Helton shakes his head in disbelief.

Harbin: It’s useful. And it’s dangerous.

Helton: Well, shit… With guys like that around, we might have to leave fast – best not leave empty-handed. I’ll see what I can find.

Cut to a Series of shots:

Helton walking along shelving looking at boxes and bins and crates

Helton grabbing a couple of water bottles

Helton hefting a gym-bag type duffel, then dumping it out

Helton popping open a box labeled “emergency rations” and tossing some into the bag

Helton stopping in front of a stack of foot-locker-sized crates labeled “6.5mm M210 Carbine”

Helton hears a door open, and voices arguing.

Cut to

View of front door, Harbin standing next to it, one half of the disassembled scissors at the ready in a saber grip ready to stab or slice. The door opens, sunlight blasting into the relatively dark interior of the building. They are wearing ill-maintained guard uniforms. One guy walks in followed by two more, who are arguing. They can’t see Harbin in the dark shadow beside the door.

Guard 1: So I tell the guy “that’s bullshit,” and-

Guard 2: -The hell you said that-

Guard 3: URK!?

Harbin steps forward between guard 2 and guard 3, stabbing guard 3 in the throat with the scissors and shoving guard 2 hard from behind, effectively tossing him forward onto guard 1, who stumbles and falls with guard 2 on top of him. Harbin grabs the very surprised-and-nearly-dead-but-hasn’t-fallen guard three and pulls him forward on top of the other two, while pulling out the scissors blade and slicing sideways as he does so.

Guard 1: THE FUCK?! (as he’s stumbling forward)

Guard 2: WHAT’S WRONG WITH YOU?! (as he’s falling on guard 1)

Harbin lunges forward, and slashes the throat of guard 2 as he rolls over trying to recover. He then holds it to the throat of guard 1 with a look of “freeze or die, mofo!” on his face. Guard 1 freezes.

Helton come hurriedly around the corner, and sees what’s transpired. He looks slightly aghast.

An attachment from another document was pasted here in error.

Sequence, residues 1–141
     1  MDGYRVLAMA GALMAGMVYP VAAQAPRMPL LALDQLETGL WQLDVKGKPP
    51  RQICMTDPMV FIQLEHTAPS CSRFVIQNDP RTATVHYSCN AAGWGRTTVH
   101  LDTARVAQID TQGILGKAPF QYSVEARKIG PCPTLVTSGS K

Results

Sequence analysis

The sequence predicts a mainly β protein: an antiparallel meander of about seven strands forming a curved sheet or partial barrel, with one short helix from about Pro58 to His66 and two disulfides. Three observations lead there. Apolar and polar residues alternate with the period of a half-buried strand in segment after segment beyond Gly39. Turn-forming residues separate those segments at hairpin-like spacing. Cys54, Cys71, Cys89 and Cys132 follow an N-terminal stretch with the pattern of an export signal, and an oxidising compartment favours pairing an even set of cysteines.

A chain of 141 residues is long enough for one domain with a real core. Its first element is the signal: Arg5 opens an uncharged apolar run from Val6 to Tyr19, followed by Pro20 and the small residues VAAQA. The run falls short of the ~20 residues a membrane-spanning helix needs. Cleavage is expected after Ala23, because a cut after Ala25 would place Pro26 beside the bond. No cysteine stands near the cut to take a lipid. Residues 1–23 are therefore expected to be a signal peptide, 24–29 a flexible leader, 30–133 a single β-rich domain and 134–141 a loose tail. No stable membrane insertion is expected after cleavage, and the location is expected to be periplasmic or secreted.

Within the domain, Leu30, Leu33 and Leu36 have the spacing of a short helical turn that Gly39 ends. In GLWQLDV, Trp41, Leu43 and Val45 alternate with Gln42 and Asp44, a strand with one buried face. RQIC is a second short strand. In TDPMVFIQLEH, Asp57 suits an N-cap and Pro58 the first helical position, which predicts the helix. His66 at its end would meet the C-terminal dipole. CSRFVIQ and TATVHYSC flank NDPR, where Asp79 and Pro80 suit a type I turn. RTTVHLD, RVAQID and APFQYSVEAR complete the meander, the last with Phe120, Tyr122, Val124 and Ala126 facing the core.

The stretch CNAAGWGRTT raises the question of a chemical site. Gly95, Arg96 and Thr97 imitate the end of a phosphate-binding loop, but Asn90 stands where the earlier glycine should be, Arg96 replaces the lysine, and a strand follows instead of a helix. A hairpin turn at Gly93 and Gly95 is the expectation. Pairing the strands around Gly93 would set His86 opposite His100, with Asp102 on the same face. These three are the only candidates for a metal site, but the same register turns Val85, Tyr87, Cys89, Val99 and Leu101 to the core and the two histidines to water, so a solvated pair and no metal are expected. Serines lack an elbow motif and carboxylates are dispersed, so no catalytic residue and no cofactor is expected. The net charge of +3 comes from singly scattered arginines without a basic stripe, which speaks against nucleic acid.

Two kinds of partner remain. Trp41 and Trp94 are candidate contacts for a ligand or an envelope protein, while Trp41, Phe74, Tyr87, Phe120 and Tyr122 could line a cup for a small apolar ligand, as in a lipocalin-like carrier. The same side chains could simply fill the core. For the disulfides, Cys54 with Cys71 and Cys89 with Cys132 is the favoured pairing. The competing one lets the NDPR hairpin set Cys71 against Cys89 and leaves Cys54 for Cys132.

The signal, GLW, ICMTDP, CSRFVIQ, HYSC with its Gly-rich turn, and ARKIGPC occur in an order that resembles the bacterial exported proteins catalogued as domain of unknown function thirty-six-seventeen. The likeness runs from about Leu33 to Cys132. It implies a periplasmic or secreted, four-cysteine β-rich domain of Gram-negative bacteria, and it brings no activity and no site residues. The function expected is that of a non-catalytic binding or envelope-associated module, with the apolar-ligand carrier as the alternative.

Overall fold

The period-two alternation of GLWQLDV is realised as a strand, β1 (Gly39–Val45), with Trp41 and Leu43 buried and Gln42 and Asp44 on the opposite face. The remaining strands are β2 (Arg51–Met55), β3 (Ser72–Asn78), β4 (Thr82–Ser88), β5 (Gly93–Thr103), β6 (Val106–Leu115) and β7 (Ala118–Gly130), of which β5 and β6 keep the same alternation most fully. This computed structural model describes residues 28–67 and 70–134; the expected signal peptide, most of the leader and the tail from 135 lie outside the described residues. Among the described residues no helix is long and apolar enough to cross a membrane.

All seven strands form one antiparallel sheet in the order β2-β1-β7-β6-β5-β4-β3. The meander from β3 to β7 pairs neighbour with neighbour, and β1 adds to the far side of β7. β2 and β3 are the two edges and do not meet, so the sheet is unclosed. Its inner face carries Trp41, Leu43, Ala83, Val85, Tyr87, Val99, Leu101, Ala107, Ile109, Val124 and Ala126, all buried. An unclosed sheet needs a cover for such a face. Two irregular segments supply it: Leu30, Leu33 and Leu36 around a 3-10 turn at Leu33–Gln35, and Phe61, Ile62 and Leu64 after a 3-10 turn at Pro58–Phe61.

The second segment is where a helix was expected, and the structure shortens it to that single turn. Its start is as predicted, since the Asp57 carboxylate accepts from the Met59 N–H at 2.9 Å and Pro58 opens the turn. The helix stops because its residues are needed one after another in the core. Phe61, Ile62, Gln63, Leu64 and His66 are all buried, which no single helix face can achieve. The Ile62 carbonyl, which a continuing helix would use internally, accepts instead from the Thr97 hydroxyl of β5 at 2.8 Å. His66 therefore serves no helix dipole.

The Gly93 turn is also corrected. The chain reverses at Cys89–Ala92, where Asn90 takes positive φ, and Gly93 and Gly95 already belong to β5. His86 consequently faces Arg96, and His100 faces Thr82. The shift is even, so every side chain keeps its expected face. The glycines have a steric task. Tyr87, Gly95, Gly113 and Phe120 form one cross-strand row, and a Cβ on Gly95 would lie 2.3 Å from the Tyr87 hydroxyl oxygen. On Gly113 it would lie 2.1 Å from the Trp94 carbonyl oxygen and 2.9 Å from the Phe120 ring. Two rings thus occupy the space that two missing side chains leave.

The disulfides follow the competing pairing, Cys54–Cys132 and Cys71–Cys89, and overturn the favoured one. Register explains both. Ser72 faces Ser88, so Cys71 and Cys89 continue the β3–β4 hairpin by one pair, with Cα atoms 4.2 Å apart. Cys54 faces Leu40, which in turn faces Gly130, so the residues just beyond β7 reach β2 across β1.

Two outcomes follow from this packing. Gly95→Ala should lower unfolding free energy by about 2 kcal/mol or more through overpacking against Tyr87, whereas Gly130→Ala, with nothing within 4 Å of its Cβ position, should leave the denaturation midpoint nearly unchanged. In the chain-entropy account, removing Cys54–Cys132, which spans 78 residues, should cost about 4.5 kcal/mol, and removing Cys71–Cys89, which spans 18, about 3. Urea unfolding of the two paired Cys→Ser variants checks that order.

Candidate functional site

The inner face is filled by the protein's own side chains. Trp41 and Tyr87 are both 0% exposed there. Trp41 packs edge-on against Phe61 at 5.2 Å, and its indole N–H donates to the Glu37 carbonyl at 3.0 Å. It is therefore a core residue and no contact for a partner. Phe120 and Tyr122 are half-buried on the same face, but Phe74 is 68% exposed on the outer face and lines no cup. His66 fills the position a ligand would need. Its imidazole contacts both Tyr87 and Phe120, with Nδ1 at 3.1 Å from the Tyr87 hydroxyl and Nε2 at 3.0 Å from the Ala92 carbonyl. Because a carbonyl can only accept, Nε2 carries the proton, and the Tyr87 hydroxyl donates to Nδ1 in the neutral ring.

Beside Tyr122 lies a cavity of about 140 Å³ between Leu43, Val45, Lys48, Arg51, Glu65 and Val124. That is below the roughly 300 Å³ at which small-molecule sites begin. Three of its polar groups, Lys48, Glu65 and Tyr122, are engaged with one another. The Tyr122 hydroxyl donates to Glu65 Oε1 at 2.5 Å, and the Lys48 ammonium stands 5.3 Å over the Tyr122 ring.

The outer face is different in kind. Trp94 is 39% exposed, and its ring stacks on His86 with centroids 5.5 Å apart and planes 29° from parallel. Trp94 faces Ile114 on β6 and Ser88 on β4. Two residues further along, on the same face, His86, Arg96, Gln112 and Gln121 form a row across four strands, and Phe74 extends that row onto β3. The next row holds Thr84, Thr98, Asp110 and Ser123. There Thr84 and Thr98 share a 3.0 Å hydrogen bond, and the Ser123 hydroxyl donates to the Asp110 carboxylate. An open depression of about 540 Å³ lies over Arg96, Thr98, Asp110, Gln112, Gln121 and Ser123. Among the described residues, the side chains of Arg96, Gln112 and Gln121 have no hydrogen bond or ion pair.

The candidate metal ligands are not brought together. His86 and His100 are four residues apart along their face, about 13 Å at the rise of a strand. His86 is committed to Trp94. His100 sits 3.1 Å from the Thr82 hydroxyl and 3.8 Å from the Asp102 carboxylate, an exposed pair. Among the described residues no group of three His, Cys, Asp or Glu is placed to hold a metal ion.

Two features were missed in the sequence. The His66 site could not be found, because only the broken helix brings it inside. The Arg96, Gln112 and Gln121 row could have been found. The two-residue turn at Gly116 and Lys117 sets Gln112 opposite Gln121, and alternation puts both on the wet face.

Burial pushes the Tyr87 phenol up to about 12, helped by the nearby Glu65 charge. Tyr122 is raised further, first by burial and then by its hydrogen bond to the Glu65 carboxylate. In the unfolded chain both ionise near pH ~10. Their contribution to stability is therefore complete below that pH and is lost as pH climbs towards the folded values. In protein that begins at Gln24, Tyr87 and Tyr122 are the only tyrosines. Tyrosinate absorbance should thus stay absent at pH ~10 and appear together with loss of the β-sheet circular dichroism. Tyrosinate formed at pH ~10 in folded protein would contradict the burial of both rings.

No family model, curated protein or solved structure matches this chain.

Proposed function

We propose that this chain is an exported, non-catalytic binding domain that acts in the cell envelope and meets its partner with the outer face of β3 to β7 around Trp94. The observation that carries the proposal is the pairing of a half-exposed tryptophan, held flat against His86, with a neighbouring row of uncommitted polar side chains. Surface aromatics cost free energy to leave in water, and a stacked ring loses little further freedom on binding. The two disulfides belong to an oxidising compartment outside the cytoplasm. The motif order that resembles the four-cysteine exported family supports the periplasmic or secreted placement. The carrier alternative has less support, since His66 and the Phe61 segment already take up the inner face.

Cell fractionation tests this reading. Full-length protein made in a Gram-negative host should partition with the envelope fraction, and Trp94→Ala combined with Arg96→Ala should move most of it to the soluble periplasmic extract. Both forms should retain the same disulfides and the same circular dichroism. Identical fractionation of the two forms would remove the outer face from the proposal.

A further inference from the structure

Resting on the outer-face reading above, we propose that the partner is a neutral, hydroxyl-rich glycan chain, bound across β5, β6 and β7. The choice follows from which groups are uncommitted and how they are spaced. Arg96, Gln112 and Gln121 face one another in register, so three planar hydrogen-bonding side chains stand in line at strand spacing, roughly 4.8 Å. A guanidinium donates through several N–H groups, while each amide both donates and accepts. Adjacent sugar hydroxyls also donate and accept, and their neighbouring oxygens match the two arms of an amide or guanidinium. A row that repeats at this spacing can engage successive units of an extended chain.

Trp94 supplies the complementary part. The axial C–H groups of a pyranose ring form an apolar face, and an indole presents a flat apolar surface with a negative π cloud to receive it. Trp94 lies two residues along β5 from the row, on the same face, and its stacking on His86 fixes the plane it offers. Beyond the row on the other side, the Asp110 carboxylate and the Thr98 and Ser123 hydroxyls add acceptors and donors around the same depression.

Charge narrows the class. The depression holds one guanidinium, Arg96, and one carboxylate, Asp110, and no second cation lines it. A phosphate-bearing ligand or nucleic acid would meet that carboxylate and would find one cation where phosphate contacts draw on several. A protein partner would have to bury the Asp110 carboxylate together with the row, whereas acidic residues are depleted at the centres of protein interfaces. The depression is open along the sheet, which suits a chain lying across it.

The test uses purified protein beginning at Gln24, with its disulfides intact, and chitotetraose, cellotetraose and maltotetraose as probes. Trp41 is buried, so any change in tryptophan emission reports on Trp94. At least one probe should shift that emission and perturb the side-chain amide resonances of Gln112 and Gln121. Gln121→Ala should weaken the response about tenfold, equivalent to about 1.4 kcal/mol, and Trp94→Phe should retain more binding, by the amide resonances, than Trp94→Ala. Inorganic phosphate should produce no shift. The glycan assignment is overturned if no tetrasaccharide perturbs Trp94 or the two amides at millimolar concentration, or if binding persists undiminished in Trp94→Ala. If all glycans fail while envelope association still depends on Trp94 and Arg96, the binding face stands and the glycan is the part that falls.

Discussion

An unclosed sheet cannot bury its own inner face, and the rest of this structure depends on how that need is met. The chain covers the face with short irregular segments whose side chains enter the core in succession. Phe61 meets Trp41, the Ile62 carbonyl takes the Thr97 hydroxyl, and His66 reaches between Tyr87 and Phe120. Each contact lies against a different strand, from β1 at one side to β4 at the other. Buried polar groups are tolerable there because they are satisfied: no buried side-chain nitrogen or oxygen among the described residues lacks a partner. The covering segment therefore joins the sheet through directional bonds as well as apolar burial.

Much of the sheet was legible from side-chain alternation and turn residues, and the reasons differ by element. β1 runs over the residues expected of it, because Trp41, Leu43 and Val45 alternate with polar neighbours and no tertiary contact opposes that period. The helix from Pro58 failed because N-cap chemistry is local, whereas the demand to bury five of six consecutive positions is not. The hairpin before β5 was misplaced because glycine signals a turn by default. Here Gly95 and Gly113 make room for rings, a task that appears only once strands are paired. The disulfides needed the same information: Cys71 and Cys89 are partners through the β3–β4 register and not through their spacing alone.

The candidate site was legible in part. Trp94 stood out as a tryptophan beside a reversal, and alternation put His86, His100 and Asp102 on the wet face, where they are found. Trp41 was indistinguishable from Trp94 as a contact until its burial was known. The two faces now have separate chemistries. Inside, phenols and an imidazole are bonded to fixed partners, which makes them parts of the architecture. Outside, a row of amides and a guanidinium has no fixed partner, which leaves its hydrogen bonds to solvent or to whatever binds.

Helton: Why didn’t you call me?

Harbin: (matter-of-factly) There were only three of them.

Fade to



9 thoughts on “The Stars Came Back -016- Waiting

  1. Pingback: The Stars Came Back -015- Breaking in | The View From North Central Idaho

  2. Very nice explanation with the ‘compartmentalization’ paragraph. Never really thought about it that way. It’s how the Nazis did their thing, or the militarizing of our LEOs today. BTW, do you want us being grammar nazis? I didn’t notice anything today, saw an ‘it’s’ one yesterday, didn’t want to pipe up and be a jackass. Also, thought of another screenwriter, Daniel Knauff. I can dig up his tweeter if you like. Good guy, was a closet con in the business, finally had enough and came out rather forcefully.

    • YES, gramur Natzys Welkum! (seriously, if you see any mistakes, usage, ambiguous punctuation, etc., please pipe up and pedant away!) I find it hard and slow to proof my own writing because I know what I’m TRYING to say, so I don’t register what I actually wrote as well as I do reading the writing of others, where I catch a fair number of THEIR mistakes.

      Thanks for the kind words on the explanation. One of my goals for this thing is to make it educational in spots, as well as exciting / suspenseful. It ALSO helps sooth a pet annoyance of mine in movies I watch – PLOT holes, specifically motivation holes. “Why the $#%^!! did they do THAT?!” I try to avoid those sorts of things.

      I generally don’t think it’s polite to make TOO many shameless plugs in places in places I don’t frequent already, but I’ll happily accept such from others :-).

          • OK I commented that on the 25th, sorry for repetition Rolf. I’ll read through (more fun anyway). -B PS do you talk with Sean F still? I’m sorry to say I’ve lost track of him. Really enjoyed his screenplay.

  3. Pingback: The Stars Came Back -017- Ready to move out | The View From North Central Idaho